Given our late flight we didn't get into our hostel in Sucre until the early evening. It was a pretty cool place, with a bar and café area on the ground floor then 2 levels of rooms on top all around a central courtyard, plus a garden area out the back which had another bar under construction. That night was an all-you-can-eat Italian buffet which we partook in, managing to scoff about 3 plates each of pizza, pasta, salad and garlic bread each, making sure to get our moneys worth.
In the morning, after a generous breakfast from the breakfast buffet, we set off to explore Sucre. It was quite unfortunate that we have already seen so many Colonial cities, as this one would have been really impressive if it were among the first we visited. Our expectations have increased a little during the past year.
The buildings are all white and well maintained, with lovely architecture, tiled roofs, wooden balconies and black lamps. Its a very picturesque place, especially with a blue sky for the backdrop. We just wished there weren't so many damned power lines in the way of our photos! The black power lines are even more evident against a while building. Someone should has a word to UNESCO.
Our exploration followed a route that would take us past see of the important sights of Sucre, such as the Plaza 25 de Mayo, Iglesia San Francisco, the main Government buildings, the University, more churches, etc.
We enquired with the travel agent in our hostel about available tours and thought a tour to nearby Maragua sounded good, with its meteorite crater and some trekking in the area. We decided to pay him another visit the next day so he could see if anyone else was interested.
Of course the next day the travel agent was no where to be found. We found another agency that offered the same tour but the guy was quite rude, so in the end we missed out on that tour.
We walked to the Recoleta area, where there was (amongst hoards of little market stalls) a lookout over the city and a lovely big plaza. Plus there was a nice place for lunch where we stopped to relax for a while.
Then we traversed back through the city to Parque Bolivar, a chaotic place where you could rent a children's motorised car, horse, or even a quad bike(!) to fang around the oval shaped pathway surrounding the park. There was a structure resembling a mini Eiffel tower, a great looking playground, fairy floss and all sorts of unhealthy food options. No wonder the kids were all going nuts!
The next day we visited Parque Cretácico, something of a mini Jurassic Park on the grounds of a concrete factory at the outskirts of town. Basically, the cement factory in the early 90's uncovered a bunch of dinosaur footprints on a layered and sandy rock wall which is now open to visitors and accompanied by a tacky little dinosaur themed park.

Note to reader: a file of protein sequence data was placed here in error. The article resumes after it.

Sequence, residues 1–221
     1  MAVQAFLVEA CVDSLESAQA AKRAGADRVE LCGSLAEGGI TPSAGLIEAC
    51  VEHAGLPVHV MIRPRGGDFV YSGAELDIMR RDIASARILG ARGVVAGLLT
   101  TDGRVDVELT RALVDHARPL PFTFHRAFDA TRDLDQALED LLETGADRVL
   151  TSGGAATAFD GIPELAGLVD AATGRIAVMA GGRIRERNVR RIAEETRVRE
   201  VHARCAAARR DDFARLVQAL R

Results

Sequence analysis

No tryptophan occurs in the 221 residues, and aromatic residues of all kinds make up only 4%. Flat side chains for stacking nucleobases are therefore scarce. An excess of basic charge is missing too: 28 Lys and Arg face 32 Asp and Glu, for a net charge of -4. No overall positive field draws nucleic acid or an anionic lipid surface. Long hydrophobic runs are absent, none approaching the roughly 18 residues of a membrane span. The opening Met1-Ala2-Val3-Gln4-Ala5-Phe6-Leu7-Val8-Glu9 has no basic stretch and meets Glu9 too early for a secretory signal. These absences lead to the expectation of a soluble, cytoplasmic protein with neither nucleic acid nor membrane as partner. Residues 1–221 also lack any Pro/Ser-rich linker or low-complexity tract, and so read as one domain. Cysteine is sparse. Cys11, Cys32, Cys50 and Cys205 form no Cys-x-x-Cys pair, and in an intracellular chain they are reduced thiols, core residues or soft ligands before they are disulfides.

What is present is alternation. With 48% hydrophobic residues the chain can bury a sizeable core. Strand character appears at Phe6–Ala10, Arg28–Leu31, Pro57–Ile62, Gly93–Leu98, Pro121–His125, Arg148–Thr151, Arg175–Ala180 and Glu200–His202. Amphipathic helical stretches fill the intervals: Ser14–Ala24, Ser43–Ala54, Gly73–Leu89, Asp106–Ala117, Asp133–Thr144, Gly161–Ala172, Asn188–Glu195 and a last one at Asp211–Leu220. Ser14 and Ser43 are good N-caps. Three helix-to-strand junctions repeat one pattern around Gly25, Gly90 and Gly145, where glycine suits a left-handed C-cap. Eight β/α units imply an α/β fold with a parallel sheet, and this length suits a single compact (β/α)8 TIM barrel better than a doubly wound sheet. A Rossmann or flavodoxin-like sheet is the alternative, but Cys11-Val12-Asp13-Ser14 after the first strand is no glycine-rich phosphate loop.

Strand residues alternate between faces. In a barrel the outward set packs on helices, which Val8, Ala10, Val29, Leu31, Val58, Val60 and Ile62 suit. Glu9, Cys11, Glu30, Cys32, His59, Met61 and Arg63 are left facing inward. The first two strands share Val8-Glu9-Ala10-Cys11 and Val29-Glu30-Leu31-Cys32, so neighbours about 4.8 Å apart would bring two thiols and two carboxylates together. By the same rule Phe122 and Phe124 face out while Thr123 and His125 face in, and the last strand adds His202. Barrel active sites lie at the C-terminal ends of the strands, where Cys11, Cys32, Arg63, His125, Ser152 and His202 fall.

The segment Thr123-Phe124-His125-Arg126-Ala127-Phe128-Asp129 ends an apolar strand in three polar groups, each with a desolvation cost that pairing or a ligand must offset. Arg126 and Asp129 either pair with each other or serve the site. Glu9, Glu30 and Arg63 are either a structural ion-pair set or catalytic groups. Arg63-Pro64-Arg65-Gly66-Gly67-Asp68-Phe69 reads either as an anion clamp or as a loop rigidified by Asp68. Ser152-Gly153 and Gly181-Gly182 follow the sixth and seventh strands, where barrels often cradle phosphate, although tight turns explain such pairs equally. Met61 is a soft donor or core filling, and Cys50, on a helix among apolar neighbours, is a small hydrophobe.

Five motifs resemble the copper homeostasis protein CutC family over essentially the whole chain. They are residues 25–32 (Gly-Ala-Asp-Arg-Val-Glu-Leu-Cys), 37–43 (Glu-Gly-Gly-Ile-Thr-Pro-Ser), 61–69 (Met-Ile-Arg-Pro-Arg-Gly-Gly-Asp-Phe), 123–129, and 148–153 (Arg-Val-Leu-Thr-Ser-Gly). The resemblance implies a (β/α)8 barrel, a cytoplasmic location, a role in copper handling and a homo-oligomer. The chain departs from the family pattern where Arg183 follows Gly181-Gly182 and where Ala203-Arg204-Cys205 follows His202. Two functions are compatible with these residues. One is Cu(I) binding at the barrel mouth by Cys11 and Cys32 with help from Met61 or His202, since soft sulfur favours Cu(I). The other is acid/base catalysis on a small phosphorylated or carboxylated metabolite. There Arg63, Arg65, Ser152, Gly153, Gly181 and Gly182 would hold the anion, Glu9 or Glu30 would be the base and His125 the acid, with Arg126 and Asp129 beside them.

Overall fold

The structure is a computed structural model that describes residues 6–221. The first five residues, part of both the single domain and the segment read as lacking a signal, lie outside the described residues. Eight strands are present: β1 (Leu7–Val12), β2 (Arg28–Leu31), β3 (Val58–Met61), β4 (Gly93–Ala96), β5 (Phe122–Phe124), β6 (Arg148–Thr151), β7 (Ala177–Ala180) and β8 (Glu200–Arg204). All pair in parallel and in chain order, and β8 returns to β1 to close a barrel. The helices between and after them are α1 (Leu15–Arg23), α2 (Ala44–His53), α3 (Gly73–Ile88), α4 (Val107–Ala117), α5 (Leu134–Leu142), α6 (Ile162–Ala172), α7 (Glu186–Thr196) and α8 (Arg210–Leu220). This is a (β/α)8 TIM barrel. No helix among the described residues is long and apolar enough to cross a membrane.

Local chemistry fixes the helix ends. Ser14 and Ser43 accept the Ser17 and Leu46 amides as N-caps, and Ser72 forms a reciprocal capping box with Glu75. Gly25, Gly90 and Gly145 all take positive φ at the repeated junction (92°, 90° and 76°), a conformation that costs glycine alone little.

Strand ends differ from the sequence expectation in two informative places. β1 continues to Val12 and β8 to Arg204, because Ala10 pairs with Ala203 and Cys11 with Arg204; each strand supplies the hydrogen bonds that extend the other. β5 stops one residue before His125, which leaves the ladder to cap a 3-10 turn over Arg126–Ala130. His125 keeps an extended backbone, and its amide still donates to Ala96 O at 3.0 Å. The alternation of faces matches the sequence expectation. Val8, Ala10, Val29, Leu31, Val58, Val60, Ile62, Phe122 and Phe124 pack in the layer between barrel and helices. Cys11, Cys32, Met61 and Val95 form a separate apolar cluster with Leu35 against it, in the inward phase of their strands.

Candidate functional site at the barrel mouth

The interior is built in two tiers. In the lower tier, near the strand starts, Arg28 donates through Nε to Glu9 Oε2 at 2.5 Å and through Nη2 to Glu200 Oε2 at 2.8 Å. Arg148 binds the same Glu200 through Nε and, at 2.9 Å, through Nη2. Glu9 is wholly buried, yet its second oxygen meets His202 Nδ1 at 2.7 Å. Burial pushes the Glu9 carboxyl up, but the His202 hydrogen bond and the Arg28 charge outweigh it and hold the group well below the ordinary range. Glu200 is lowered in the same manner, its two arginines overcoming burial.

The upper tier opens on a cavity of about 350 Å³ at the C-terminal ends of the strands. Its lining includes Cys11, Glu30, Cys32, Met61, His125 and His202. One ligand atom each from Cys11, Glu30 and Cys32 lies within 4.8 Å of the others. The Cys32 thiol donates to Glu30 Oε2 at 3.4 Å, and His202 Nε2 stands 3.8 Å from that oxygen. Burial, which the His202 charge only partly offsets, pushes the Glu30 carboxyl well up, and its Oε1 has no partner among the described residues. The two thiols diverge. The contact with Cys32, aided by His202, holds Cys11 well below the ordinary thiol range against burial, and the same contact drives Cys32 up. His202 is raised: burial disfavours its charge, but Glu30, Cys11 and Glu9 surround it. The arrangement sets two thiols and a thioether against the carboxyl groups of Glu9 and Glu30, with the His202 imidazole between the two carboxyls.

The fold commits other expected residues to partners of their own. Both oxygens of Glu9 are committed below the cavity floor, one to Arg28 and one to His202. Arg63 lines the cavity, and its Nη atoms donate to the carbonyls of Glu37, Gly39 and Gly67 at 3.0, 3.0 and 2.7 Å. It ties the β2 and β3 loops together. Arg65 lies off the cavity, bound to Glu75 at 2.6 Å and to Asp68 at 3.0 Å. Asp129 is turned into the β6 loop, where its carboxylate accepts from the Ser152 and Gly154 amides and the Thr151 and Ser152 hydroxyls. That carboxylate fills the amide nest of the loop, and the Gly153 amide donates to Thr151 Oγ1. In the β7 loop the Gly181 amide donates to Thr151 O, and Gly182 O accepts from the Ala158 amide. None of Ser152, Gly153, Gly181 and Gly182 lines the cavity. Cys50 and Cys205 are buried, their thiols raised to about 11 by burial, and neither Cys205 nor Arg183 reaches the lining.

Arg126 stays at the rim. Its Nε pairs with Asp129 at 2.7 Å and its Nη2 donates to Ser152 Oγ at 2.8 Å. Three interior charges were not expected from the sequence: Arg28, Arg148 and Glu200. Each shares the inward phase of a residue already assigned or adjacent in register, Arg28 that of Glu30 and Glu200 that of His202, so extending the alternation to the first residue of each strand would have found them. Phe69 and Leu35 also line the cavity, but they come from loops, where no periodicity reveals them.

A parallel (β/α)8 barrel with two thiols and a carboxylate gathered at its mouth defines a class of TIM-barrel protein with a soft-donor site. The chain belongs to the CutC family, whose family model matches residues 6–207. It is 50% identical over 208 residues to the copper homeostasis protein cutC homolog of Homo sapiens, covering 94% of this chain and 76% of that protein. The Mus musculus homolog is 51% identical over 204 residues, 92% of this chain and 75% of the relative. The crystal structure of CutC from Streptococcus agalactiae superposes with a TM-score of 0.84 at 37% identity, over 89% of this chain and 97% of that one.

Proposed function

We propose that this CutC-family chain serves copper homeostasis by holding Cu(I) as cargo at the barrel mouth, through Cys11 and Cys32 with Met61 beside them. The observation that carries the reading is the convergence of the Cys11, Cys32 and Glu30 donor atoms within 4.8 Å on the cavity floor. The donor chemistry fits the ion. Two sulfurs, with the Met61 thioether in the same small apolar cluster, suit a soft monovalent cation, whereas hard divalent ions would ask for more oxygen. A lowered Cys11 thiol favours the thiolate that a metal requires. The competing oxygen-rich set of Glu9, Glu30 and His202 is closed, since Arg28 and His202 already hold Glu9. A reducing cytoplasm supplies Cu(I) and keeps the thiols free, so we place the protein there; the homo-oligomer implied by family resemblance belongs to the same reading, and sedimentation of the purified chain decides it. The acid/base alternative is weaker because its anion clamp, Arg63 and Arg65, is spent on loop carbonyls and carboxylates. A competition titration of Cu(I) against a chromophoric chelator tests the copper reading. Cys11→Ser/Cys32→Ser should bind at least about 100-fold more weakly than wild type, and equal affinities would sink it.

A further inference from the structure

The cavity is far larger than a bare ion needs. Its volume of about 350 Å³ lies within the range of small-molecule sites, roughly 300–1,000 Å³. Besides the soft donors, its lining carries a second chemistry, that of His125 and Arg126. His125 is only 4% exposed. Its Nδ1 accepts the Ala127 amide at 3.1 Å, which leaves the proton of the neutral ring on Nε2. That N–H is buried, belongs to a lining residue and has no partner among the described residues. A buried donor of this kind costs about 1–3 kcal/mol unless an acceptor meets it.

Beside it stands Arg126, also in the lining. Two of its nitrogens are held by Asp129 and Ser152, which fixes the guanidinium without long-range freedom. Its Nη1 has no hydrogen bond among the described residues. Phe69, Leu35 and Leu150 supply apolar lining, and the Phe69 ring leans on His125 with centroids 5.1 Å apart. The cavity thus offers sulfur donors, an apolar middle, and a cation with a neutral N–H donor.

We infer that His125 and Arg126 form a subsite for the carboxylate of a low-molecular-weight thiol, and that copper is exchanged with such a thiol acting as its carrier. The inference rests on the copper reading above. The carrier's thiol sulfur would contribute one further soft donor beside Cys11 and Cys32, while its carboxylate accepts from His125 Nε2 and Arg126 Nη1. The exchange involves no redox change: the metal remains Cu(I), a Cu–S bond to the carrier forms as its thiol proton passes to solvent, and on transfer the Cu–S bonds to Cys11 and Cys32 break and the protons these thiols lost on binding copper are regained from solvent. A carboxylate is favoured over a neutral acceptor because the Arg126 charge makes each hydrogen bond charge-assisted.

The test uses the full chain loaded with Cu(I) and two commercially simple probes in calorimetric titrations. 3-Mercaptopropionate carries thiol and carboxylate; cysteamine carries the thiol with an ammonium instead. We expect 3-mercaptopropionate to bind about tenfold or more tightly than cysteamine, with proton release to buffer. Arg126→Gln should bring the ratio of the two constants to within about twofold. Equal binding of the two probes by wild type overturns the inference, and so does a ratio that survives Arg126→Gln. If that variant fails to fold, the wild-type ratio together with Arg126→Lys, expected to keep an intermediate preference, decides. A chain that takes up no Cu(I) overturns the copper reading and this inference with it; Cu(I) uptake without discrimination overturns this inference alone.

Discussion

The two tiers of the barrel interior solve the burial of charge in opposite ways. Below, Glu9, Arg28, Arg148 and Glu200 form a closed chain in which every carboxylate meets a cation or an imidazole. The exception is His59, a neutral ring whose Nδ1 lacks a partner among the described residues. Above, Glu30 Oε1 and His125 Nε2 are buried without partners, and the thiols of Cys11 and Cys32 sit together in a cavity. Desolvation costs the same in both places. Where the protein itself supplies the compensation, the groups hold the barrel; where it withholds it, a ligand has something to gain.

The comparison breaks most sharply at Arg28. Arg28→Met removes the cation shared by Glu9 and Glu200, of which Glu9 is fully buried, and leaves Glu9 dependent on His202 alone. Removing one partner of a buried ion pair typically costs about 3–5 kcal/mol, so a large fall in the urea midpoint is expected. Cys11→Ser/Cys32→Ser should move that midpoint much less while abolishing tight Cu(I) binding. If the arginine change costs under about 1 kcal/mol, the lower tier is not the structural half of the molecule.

Upon arrival we were told to hurry as a tour was about to start. We high-tailed it up the hill, grabbed our required hard hats, then stood around for half an hour waiting for the tour to start. Typical South America. Hurry up and wait.
When the tour did start we made our way down towards the base of the rock wall. It sits at a close to vertical angle, having undergone some folding due to tectonic plate activity since it was once flat and walked upon by dinosaurs over millions of years. Part way down we stopped to receive an explanation of the types of dinosaur footprint present in this area.
At the bottom of the wall we were given another explanation then left to explore, our only instructions not to touch the wall. From a distance we had been very sceptical, as the rows of footprints looked suspiciously non-dinosaur like. However upon closer inspection you could see the shapes a little more distinctly and gauge the size of the prints. Perhaps they really were from dinosaurs!
After making our way back up the hill we had a look at the life-sized dinosaur reproductions with their big pointed teeth, strange shapes, long necks and flippery thingemyjiggers, then decided we had seen enough before taking the bus back to town.
We had one more day in Sucre and decided we should spend it in a café that had reasonable internet by Bolivian standards. We booked the next steps of our trip, posted some blogs, watched the Dakar Rally on TV, and of course drank coffee and ate cheesecake.
We should mention we did quite well eating in Sucre, finding it much cheaper than other parts of Bolivia which was fortunate since our hostel didn't have a kitchen. Sucre was probably the only city in Bolivia we found more affordable than anywhere else in South America.